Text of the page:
Spring cleaning isn’t limited to your home’s interior. Your yard and garden deserve attention, too.
Spring cleaning prevents pests, weeds, and diseases from populating your garden. It also provides a clean slate for new plants to grow and prepares your property for summer vacation.
A proper outdoor cleanup can get overwhelming for busy homeowners. Same with landscaping, make sure to take your time, inhale the spring breeze, and enjoy the outdoors. Here are practical tips to help you get started.
Declutter your lawn
As soon as winter ends, assess your lawn for signs of wear and tear. Damages to grass are often caused by heavy traffic and pet waste. One way to restore its health is to sprinkle soil over the area mixed with fertilizer and grass seed.
Get rid of debris including twigs and fallen branches. Raking over wet ground can damage roots and cause bare and inconsistent patches. You can then use the dried leaves and green waste to start a compost pile.
Trim shrubs, trees, and perennials
Clipping away dead, dying, or problematic branches gives your plants space to breathe and grow. Cut branches that are starting to block walkways or high-traffic areas to prevent accidents and make your backyard cleaner. Removing excessive branches also encourages air and sunlight to reach the center of shrubs and trees.
Woody perennials like lavender, atermisia, and caryopteris require pruning each spring as they only grow on new branches. The perfect time for trimming is once they start opening buds on their lower stems.
Some plants like deciduous trees retain their leaves all winter. Spring is the best time to eliminate damaged foliage and encourage new growth. Similarly, inspect your shrubs for dead spots and ensure buds have wintered over.
Most evergreens require minimal trimming, although spring is a prime time to fertilize them. But if your soil is rich in nutrients, you might only need to nourish your evergreens about every other year.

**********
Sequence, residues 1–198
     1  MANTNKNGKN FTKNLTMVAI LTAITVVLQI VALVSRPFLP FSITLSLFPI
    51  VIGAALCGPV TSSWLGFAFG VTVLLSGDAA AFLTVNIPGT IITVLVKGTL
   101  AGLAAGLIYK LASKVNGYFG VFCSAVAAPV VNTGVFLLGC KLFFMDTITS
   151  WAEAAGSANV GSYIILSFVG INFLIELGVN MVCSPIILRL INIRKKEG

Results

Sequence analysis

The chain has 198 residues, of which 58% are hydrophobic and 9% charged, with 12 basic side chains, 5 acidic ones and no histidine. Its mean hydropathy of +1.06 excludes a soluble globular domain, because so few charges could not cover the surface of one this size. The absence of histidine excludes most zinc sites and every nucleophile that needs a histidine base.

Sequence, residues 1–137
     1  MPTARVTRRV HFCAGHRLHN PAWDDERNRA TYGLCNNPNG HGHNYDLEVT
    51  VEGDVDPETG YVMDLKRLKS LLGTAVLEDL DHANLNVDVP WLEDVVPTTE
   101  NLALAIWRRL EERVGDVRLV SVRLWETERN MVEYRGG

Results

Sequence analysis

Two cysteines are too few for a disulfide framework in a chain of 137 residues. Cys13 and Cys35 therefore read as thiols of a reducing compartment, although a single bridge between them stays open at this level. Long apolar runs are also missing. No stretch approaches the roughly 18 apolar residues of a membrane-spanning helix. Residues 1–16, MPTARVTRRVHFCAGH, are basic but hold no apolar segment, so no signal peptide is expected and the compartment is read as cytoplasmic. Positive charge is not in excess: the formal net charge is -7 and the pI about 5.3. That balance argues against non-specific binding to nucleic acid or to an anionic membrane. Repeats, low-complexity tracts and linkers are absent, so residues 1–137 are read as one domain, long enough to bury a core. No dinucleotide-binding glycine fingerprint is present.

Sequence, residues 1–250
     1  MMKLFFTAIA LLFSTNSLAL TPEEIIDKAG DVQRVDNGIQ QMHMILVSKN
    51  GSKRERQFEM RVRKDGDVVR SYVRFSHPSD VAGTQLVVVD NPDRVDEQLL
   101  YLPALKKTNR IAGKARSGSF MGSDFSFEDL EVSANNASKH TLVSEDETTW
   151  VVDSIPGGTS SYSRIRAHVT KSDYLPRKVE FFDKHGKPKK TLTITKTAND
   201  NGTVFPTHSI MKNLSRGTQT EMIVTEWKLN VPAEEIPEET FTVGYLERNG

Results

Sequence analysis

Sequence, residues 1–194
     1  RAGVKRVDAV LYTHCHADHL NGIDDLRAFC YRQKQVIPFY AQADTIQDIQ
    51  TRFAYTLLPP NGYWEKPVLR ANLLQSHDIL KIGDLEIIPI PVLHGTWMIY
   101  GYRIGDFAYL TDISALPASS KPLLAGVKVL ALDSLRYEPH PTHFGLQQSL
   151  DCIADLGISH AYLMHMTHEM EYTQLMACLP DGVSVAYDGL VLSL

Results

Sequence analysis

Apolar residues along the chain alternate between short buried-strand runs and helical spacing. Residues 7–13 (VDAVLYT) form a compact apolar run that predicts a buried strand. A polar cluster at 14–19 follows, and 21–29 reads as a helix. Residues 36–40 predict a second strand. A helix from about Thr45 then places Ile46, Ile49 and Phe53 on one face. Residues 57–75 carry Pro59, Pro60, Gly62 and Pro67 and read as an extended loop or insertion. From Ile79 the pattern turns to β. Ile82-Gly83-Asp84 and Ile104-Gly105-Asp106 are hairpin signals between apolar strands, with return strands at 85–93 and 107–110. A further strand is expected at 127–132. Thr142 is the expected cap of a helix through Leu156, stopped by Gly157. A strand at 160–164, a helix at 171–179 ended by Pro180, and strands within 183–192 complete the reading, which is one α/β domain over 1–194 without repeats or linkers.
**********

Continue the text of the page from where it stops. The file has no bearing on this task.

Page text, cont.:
Before you start trimming, take note of your plants’ blooming calendars. This will prevent you from accidentally pruning off this year’s flowers.
Care for your flowerbeds
Re-edge the borders of your beds to create clear delineations between your lawn and landscape. Having well-defined divisions can make weeding or trimming so much easier and prevent your garden from looking crowded. Clean edges also give your landscape a better visual appeal.
Once you have defined lines, you can properly get rid of leftover leaves, pinecones, needles, and acorns to give your flowers ample space to grow.
Perennials including hellebores, candytufts, and hostas need to be dug up and split into multiple groupings. This way, their roots have more space to grow and absorb nutrients. Cut back fall-blooming ornamental grasses left through the winter before new growth appears and blends with the dead grass.
Spring is a great time to plant annuals and bring endless color to your yard. The easiest seeds to grow include pansy, snapdragon, sunflower, and morning glory. Thoroughly shovel out last year’s mulch to make way for a new layer. This should be added as soon as you’re done with spring planting.
Spring cleaning not only improves your outdoor space, but also provides your entire family with clean air and stunning surroundings. Remember, a well-maintaned garden is a healthy and beautiful garden.